If you don’t have enough irony in your life try ingesting the irony of the last 30 years of conservative anti-government rhetoric. In a nutshell, the University of Chicago school of economics sold America on the idea of reducing the federal government, lowering taxes, and allowing the private sector more control in matters that were once the realm of government. Private industry was said to be more efficient than the public sector. It is tough even to begin a critique of this reasoning as it has more breaches than the New Orleans levees.

I have never understood Americans' disdain for government. Who is the government in a democracy? Have we forgotten the whole “We the People” thing? I suppose it has something to do with America’s almost inherent terror of socialism. Cold War prejudices die hard, socialism wasn’t just an alternative form of governing; it was the enemy. I think it is about time than we become a little more sophisticated about our understanding of the role of government.

Europe had a lot more at stake in the Cold War than America, yet most countries in Western Europe have embraced a fairly healthy dose of socialism in their approach to public services and works. Very little of Europe’s rail network is privatized. Here in America we expect trains to be self-sufficient, although we heavily subsidize roads and airports, so you could say that our interstate highway network is socialized. Government health care is guaranteed across most of Europe, and while they have their problems, they are not on the precipice of a catastrophe as we are with health care in American. In my lifetime, Ireland and Spain have gone from almost third world status to examples of what America should be. Spain’s rail network is an absolute marvel, and Ireland’s commitment to provide all of its citizens the best education possible should have Americans wondering where our system went wrong.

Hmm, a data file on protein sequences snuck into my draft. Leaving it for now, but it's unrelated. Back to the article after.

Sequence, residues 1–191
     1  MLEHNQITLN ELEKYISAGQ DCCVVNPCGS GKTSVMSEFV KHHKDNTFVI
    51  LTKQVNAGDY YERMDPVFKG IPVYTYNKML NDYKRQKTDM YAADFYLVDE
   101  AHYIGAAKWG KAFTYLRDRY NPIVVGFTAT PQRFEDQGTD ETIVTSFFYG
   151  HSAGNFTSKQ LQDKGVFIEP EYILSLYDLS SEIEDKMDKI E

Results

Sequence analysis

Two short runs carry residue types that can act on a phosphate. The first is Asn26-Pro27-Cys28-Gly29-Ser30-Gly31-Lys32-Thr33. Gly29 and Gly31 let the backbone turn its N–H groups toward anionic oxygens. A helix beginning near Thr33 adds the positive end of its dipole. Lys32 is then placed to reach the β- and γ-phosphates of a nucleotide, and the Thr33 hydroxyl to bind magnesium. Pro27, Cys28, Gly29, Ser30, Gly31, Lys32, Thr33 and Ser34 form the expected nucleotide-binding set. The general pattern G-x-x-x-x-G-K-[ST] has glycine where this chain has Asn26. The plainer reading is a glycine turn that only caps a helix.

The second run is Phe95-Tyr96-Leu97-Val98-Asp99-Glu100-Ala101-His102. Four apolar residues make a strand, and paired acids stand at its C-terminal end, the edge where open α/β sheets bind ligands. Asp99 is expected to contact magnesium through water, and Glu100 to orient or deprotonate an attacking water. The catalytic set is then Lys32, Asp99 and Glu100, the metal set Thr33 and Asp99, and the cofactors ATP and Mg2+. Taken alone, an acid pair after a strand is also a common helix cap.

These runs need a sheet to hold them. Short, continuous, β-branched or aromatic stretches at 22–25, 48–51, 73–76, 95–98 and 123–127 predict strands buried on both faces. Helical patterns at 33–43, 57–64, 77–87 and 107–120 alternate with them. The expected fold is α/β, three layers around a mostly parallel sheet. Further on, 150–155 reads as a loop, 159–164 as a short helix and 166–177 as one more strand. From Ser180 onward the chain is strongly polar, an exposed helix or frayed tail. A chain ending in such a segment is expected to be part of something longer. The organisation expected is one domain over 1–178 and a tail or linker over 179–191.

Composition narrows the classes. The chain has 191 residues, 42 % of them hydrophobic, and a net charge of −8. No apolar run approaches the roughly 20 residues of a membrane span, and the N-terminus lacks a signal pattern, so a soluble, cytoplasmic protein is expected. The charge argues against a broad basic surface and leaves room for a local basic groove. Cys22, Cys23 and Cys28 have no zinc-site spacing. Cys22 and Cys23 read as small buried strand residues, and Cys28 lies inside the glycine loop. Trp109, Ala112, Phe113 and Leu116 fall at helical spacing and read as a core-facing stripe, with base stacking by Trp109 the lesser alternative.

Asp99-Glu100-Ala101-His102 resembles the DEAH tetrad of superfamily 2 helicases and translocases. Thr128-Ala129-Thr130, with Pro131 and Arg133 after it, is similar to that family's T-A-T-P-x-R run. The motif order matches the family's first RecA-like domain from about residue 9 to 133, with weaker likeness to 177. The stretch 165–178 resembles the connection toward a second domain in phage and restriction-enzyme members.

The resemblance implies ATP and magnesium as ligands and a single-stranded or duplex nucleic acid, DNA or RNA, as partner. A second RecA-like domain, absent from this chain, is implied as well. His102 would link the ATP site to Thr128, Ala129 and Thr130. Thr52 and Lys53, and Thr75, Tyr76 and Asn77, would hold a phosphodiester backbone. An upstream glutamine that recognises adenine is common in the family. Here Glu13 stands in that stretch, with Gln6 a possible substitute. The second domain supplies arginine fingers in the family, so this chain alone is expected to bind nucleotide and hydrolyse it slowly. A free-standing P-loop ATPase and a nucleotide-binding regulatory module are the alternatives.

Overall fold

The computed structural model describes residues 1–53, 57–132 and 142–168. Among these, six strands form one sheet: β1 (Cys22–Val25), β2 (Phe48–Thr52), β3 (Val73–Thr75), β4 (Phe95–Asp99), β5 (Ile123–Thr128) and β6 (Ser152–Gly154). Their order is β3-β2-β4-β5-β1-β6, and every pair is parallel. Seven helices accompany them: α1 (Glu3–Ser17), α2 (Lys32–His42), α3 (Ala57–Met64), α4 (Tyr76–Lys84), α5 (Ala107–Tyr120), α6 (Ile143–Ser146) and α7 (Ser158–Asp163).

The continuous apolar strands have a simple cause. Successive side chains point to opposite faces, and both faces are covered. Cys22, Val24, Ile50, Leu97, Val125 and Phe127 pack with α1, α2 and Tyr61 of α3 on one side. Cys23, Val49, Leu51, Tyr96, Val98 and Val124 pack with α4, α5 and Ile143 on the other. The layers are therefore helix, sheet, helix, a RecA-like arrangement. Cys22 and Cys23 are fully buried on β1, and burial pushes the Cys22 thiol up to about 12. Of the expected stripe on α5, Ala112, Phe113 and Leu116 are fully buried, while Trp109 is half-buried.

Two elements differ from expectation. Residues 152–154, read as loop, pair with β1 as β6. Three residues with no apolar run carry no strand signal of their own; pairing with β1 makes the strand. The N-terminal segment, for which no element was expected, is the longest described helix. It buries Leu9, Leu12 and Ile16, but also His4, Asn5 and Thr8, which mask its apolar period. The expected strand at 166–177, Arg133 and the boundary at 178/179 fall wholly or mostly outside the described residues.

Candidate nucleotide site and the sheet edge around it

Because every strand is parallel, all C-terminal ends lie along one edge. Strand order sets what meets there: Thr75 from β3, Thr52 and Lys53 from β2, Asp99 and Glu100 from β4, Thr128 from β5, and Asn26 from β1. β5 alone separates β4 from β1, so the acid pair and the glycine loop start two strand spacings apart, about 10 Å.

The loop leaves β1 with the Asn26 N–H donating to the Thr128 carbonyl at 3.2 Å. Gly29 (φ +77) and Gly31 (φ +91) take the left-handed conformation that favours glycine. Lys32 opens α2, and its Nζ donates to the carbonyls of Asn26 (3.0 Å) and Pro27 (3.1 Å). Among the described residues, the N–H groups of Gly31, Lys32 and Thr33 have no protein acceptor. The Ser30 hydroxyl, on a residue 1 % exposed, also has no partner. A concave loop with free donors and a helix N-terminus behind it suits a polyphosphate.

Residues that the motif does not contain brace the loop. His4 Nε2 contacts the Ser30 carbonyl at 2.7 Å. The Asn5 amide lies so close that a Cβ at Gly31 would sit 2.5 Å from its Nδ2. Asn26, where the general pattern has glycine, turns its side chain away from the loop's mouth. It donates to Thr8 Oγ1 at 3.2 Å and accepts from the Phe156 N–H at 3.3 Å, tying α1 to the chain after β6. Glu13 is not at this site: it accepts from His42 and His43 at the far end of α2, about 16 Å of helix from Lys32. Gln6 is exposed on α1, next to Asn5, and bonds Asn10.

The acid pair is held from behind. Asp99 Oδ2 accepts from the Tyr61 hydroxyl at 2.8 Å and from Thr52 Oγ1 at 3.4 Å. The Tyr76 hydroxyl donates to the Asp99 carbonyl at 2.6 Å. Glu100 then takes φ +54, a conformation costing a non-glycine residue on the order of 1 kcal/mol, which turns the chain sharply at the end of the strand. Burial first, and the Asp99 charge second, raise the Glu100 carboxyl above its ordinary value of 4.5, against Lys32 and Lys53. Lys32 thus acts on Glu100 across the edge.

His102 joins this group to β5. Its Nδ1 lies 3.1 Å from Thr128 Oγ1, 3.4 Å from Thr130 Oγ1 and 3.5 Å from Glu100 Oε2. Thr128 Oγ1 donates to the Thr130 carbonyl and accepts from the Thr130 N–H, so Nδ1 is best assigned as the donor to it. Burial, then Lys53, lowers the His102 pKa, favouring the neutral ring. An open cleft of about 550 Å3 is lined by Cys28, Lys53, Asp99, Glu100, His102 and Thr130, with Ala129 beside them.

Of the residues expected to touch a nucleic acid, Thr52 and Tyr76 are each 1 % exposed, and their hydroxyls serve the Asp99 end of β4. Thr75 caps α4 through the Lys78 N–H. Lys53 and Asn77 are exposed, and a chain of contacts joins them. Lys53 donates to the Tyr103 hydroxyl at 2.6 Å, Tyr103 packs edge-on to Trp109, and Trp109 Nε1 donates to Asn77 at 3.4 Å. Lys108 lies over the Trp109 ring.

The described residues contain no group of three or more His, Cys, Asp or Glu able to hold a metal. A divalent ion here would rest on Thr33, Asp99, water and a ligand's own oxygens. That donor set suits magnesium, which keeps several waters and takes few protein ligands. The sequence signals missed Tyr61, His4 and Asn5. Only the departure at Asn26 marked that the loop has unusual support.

Our almost pathological fear of socialism is ridiculous. Although we don’t call them socialized, we have a socialized military, police forces, and fire prevention. We rely on the aid of our democratically elected government to deal with many issues that the private sector either cannot be trusted with or cannot handle. Public safety and security are two such issues. We would not expect the private sector to provide for our security, so we have created a series of government-controlled defenses. As we are now seeing in New Orleans, these defenses were not adequately maintained and public safety paid the price.